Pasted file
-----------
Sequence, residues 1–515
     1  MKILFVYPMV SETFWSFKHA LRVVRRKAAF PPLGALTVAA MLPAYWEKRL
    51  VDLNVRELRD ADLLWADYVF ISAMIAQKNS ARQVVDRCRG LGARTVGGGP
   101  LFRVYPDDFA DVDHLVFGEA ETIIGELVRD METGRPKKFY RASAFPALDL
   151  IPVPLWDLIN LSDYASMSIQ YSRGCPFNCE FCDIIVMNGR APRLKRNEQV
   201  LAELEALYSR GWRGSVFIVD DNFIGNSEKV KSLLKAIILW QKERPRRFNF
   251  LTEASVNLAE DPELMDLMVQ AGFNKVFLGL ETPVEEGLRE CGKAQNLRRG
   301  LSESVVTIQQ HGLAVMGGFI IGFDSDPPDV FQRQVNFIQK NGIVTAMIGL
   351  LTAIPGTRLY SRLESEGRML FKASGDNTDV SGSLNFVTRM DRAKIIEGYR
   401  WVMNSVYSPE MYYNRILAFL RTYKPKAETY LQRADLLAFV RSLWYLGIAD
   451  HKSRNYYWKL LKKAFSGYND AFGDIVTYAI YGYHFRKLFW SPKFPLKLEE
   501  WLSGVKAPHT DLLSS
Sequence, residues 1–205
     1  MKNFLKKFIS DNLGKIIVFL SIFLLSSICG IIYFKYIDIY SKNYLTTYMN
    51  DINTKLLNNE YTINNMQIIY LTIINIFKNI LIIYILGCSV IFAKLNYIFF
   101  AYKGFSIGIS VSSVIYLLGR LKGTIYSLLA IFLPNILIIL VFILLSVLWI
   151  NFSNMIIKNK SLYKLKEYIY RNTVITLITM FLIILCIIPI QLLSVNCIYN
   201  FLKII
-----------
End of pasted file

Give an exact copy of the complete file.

Sequence, residues 1–515
     1  MKILFVYPMV SETFWSFKHA LRVVRRKAAF PPLGALTVAA MLPAYWEKRL
    51  VDLNVRELRD ADLLWADYVF ISAMIAQKNS ARQVVDRCRG LGARTVGGGP
   101  LFRVYPDDFA DVDHLVFGEA ETIIGELVRD METGRPKKFY RASAFPALDL
   151  IPVPLWDLIN LSDYASMSIQ YSRGCPFNCE FCDIIVMNGR APRLKRNEQV
   201  LAELEALYSR GWRGSVFIVD DNFIGNSEKV KSLLKAIILW QKERPRRFNF
   251  LTEASVNLAE DPELMDLMVQ AGFNKVFLGL ETPVEEGLRE CGKAQNLRRG
   301  LSESVVTIQQ HGLAVMGGFI IGFDSDPPDV FQRQVNFIQK NGIVTAMIGL
   351  LTAIPGTRLY SRLESEGRML FKASGDNTDV SGSLNFVTRM DRAKIIEGYR
   401  WVMNSVYSPE MYYNRILAFL RTYKPKAETY LQRADLLAFV RSLWYLGIAD
   451  HKSRNYYWKL LKKAFSGYND AFGDIVTYAI YGYHFRKLFW SPKFPLKLEE
   501  WLSGVKAPHT DLLSS
Sequence, residues 1–205
     1  MKNFLKKFIS DNLGKIIVFL SIFLLSSICG IIYFKYIDIY SKNYLTTYMN
    51  DINTKLLNNE YTINNMQIIY LTIINIFKNI LIIYILGCSV IFAKLNYIFF
   101  AYKGFSIGIS VSSVIYLLGR LKGTIYSLLA IFLPNILIIL VFILLSVLWI
   151  NFSNMIIKNK SLYKLKEYIY RNTVITLITM FLIILCIIPI QLLSVNCIYN
   201  FLKII